The earlier you begin saving money and the earlier you begin managing debt, the more likely you will be able to react to the challenges and opportunities that lie ahead.
At the state and local levels, mayors and governors across the nation are issuing Equal Pay Day proclamations. It's encouraging to see that more people are paying attention to this issue. After all, we do want a world in which our daughters and sons are paid fairly. Agreed?
Don't be a deer in the headlights. Figure out the answer to the question.
April 15 -- a day that's become a nagging reminder of the money we make and how much we spend -- is around the corner and boomers in particular might wonder how they can save more money in 2014.
The IRS allows small businesses, even those with as few as one employee (you), to establish retirement plans. This may allow you to reduce last year's taxable income.
Our retirement system doesn't work very well for many young employees in our country; That is unfortunate, because money saved when you are young is more potent than money you put away when you are old.
How does starting at age 62, 66 or 70 impact your retirement income? As you figure out when to start Social Security, here are five key questions to consider.
Moving just a few hours by plane from where you live now can save you tens of thousands of dollars every year, and may mean you can finally afford and/or greatly reduce your health care costs.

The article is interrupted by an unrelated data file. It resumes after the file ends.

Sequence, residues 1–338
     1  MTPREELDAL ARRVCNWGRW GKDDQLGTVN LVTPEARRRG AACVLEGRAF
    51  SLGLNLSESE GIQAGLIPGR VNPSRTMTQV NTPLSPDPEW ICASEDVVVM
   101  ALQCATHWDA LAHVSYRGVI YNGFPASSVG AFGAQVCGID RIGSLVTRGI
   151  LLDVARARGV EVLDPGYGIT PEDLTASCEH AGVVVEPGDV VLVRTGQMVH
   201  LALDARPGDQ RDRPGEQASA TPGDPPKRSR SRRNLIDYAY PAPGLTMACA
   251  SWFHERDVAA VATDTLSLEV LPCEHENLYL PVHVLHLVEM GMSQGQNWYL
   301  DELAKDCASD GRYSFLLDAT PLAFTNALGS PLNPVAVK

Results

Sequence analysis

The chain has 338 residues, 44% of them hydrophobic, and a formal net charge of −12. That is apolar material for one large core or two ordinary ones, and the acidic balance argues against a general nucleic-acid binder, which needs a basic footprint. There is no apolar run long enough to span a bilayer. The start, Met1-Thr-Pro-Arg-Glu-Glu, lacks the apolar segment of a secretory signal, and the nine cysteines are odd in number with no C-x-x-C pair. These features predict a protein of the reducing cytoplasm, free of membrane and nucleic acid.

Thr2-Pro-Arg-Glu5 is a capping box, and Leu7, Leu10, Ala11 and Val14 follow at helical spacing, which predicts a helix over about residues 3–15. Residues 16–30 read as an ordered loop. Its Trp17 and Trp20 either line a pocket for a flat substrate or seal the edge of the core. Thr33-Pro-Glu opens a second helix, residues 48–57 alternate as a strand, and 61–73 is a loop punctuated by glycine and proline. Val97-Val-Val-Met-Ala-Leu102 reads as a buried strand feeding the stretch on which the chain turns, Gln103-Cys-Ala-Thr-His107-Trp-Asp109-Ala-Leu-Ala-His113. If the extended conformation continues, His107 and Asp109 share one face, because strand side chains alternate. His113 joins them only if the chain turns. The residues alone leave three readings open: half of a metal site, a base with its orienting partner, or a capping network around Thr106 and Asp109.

Slow retirements of senior executives present some of the same challenges to organizations as typical departures, and certain unique ones. As difficult as the financial buy-out element is, the more complex problems relate to how to fill the slowly expanding void created by a gradual departure.
You are already invested in your employer more than you think. It's also tempting to think that you should invest in what you know, and so hold your employer's stock.
We borrow. We spend. For many of us, we find very little room to save for the future. We stress over finances which can often lead to, or contribute t...
Reaching financial independence requires some effort, sacrifice, and learning on your part. Many people shy away from planning their finances because they lack an understanding of economics and financial markets. I've found that managing finances wisely depends on some basic principles that anyone can understand.
It's been a rough winter for most of the country. And, if you think Mother Nature hits hard, just wait a few weeks until Uncle Sam gets a crack at us.
Consider this scary statistic: In 2010, four out of 10 families headed by someone age 45 to 64 had nothing set aside for old age.
You worked long and hard to save that retirement money. Now is the time to be wise about paying the least amount of taxes you can and keep all that you can.
Taken together, these three steps -- creating accessible, affordable savings products, ensuring automatic enrollment and providing more effective incentives to save -- would vastly expand retirement security for our nation's working families.